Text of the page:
classical electron radius

(redirected from Compton radius)

classical electron radius

[′klas·ə·kəl i′lek ‚trän ′rād·ē·əs]
(electromagnetism)
The quantity expressed as e 2/ mec 2, where e is the electron's charge in electrostatic units, me its mass, and c the speed of light; equal to approximately 2.82 × 10-13 centimeter.
References in periodicals archive ?
The proton and electron are Dirac particles in the sense that they both possess a Compton radius and they both obey the Dirac equation, but the positive and negative charge of the proton and electron make their characteristics radically different.
are the Compton radius and mass of the electron and Planck particles respectively.
are the mass and Compton radius of the individual Planck particles and G is Newton's gravitational constant.
It is noted in passing that the force in (24) vanishes at the electron's Compton radius [r.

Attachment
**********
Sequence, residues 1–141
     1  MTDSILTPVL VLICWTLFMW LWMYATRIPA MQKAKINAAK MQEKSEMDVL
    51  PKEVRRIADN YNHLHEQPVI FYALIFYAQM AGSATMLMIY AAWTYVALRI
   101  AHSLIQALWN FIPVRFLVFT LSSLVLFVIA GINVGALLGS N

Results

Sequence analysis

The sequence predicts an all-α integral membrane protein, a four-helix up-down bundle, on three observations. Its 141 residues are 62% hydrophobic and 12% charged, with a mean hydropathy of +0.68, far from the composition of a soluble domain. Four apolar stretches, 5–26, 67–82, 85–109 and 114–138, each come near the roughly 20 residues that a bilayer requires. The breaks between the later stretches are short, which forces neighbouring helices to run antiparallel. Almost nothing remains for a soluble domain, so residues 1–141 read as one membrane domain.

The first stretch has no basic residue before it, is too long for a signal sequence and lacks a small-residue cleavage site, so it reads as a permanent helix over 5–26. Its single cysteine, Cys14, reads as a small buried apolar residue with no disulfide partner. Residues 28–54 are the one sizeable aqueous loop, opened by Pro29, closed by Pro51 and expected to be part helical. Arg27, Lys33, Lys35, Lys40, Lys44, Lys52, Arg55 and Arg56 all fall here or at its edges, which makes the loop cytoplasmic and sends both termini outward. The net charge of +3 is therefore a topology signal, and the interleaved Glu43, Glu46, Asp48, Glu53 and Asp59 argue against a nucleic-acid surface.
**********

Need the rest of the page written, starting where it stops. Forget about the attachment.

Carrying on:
defining coupling forces that vanish at the Compton radius ([r.
which are a manifestation of the fact that the proton possesses a Compton radius [r.
These two particles are referred to here as Dirac particles because they are stable, possess a Compton radius, [r.
shows that it, and those equations like (6) that follow from it, owe their existence to the PV as implied by the presence of the Planck-particle Compton radius [r.
The radius r at which (2) and (3) vanish is the particle or antiparticle Compton radius [r.
The equality of the two forces at the electron Compton radius [r.
The two forces on the right side of (7) are equal at the Compton radius ([r.